JKUAT gains from mega Bill Gates funding for healthcare research

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Jomo Kenyatta University of Agriculture and Technology (JKUAT) has won the Grand Challenges Explorations grant, an initiative funded by the Bill & Melinda Gates Foundation, to foster groundbreaking research in global health and development.

Dr. Agnes Mindila, a Lecturer, and ICT for Development researcher at the Department of Computing and COD at the Department of Information Technology will pursue an innovative global health and development research project, titled Blockchain Technology-Based Computer Application for Vaccine Supply Chain Management. The project is one of the 51 Grand Challenges Explorations Round 19 grants announced November 14, 2017.
To receive funding Dr. Mindila and other Grand Challenges Explorations winners demonstrated in a two-page online application a bold idea in one of four critical global health and development topic areas.

The application based on blockchain technology is envisioned to monitor the supply chains delivering vaccines from the producers to the health workers; to ensure quality and availability when needed. The technology which involves digitally storing information in blocks that are shared across a network of computers can be continually updated. The application will also ensure that everyone in the supply chain can access and record information about a specific vaccine to avoid dispensing expired ones.

Besides ascertaining the quality and safety of the vaccines in the supply chain, Dr. Mindila opined the initiative will also enhance transparency and traceability in the distribution and use of the essential commodities in Kenya.

In Low Middle-Income Countries (LMICs) information about demand, stock-levels and timely use of vaccines are poorly kept affecting timely supply leading to expirees and stock-outs of the needed vaccine.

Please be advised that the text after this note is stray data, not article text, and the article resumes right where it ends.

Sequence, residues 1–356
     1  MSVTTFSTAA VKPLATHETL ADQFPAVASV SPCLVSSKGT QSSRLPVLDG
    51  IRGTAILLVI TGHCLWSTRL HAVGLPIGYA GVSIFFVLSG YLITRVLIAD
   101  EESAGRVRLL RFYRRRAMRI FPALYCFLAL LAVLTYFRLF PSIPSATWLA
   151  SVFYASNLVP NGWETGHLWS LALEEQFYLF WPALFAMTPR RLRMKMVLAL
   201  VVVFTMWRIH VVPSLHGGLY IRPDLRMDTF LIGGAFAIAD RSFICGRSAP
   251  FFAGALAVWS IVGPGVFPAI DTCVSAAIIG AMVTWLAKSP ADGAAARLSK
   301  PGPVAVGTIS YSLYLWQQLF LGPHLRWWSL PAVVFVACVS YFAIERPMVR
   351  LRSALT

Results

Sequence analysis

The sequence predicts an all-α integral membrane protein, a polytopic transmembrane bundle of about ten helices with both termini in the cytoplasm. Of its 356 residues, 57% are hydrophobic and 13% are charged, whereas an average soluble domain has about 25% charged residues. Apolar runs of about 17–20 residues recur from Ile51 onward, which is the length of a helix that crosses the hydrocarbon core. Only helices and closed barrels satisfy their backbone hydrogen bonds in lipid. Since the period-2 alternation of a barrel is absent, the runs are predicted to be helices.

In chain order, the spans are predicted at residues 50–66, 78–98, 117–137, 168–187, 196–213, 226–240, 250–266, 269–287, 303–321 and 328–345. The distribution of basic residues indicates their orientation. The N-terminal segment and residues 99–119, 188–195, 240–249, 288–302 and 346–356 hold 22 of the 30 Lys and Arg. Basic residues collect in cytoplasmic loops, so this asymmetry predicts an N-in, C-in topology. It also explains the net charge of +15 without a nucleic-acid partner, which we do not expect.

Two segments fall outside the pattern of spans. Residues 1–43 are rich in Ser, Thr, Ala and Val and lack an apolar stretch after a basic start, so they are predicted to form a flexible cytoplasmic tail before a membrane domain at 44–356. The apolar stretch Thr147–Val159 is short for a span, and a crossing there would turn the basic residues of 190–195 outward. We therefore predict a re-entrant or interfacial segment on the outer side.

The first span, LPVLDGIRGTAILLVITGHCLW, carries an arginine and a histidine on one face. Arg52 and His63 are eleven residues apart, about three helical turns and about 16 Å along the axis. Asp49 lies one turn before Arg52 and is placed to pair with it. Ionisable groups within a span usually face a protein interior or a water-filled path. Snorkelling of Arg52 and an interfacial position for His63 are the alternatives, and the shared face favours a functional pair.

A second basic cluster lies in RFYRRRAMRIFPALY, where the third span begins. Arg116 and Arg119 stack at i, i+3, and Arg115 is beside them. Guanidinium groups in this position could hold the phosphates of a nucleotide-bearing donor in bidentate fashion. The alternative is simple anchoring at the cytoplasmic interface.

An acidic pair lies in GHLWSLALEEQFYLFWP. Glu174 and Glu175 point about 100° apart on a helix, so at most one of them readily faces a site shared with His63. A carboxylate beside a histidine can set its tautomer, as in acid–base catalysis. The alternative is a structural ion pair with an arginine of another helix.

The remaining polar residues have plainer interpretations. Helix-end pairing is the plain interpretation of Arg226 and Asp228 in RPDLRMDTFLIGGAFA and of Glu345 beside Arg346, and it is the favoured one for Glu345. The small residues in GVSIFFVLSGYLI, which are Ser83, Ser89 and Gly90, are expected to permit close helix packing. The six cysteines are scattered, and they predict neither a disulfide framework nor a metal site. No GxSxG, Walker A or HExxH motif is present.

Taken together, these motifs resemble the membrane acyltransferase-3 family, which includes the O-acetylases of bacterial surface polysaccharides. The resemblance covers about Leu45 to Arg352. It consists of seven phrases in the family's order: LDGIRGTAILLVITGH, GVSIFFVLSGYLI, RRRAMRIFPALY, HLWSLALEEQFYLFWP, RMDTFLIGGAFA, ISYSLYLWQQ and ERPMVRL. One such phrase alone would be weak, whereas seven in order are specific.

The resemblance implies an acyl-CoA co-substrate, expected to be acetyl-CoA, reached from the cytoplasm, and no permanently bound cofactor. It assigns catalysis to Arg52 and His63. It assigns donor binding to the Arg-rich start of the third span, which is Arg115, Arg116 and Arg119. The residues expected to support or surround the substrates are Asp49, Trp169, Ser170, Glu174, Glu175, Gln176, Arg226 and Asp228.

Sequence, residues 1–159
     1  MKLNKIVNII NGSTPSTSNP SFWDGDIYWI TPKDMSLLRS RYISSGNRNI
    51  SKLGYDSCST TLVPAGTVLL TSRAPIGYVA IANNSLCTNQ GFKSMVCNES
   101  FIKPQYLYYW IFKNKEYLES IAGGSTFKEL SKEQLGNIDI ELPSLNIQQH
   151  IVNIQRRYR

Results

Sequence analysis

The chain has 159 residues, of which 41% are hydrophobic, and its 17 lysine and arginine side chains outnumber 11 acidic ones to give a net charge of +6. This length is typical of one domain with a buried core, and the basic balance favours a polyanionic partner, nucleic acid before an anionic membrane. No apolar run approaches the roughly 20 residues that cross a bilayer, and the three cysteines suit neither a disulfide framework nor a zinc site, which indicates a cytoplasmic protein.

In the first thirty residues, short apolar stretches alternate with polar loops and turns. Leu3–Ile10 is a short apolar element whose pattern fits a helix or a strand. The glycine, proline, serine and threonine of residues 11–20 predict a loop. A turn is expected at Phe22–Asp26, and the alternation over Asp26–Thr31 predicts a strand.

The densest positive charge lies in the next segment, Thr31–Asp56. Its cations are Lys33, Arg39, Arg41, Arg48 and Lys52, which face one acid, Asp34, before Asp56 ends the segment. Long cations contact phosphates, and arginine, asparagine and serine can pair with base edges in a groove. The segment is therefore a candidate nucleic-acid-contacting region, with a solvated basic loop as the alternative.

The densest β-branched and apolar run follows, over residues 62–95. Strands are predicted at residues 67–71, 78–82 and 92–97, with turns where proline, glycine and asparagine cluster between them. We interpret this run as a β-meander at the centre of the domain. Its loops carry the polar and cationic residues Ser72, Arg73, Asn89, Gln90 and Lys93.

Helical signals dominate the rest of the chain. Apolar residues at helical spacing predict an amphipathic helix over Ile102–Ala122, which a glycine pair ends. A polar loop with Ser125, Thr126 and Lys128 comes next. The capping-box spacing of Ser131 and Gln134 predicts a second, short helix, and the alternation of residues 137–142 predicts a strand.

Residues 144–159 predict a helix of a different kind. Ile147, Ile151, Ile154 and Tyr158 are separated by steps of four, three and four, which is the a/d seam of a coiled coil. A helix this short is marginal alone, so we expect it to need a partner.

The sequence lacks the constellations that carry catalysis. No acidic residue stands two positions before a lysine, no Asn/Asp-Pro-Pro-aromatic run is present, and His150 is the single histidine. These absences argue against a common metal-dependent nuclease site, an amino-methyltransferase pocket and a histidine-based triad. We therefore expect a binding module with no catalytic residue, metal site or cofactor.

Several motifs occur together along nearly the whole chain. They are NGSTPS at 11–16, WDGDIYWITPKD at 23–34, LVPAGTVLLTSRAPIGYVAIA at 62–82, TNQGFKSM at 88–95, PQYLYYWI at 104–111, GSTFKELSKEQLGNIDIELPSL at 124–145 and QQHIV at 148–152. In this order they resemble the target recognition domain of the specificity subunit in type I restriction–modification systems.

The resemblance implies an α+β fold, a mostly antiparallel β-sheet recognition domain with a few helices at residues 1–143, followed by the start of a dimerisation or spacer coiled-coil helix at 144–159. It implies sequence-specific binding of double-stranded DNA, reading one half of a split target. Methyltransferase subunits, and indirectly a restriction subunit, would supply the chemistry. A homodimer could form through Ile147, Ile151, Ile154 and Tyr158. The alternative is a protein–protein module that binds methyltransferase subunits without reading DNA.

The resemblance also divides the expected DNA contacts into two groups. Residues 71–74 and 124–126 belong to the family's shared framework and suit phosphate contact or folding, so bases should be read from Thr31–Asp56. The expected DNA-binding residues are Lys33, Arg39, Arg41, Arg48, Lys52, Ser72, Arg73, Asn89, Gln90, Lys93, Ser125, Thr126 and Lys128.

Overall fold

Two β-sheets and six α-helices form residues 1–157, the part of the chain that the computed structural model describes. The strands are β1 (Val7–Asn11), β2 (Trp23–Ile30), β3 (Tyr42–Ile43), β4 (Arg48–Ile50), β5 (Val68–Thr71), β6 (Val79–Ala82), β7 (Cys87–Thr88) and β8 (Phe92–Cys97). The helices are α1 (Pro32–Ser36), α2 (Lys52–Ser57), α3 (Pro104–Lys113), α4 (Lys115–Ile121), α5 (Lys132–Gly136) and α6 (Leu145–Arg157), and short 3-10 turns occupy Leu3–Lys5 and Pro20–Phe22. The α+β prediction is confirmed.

Existing systems are not able to keep pace with the changing landscape of national immunization programmes. In addition, counterfeiting leads to lowers returns in health outcomes for those investing in the research, production, procurement, and delivery of vaccines; threatening the dependability of future funding sources from both governments and partners.

In November 2017, Pharmaceutical Society of Kenya and the Pharmacy and Poisons Board destroyed 65,000 kilograms of unused and expired drugs. Cases of expired drugs being administered to patients in government and private hospitals have also been on the rise in the country.

Dr. Agnes Mindila holds a BSc. Electrical and Electronics Engineering (JKUAT), MSc. Management of Information Technology (University of Sunderland, UK) and Ph.D. Information Technology (JKUAT). Besides the innovative global health and development research project, Dr. Mindila and her research team are working on Wireless Sensor Networks for Environmental safety Monitoring and Integrated Geofenced Blood Donation System for disaster management. All these innovation Projects are making great contributions towards achieving Sustainable Development Goals (SDGs).

Grand Challenges Explorations (GCE) supports innovative thinkers worldwide to explore ideas that can break the mold in how we solve persistent global health and development challenges. Launched in 2008, over 1365 projects in more than 65 countries have received Grand Challenges Explorations grants. The grant program is open to anyone from any discipline and from any organization.

 

This article was first posted on the Jomo Kenyatta University of Agriculture and Technology website.

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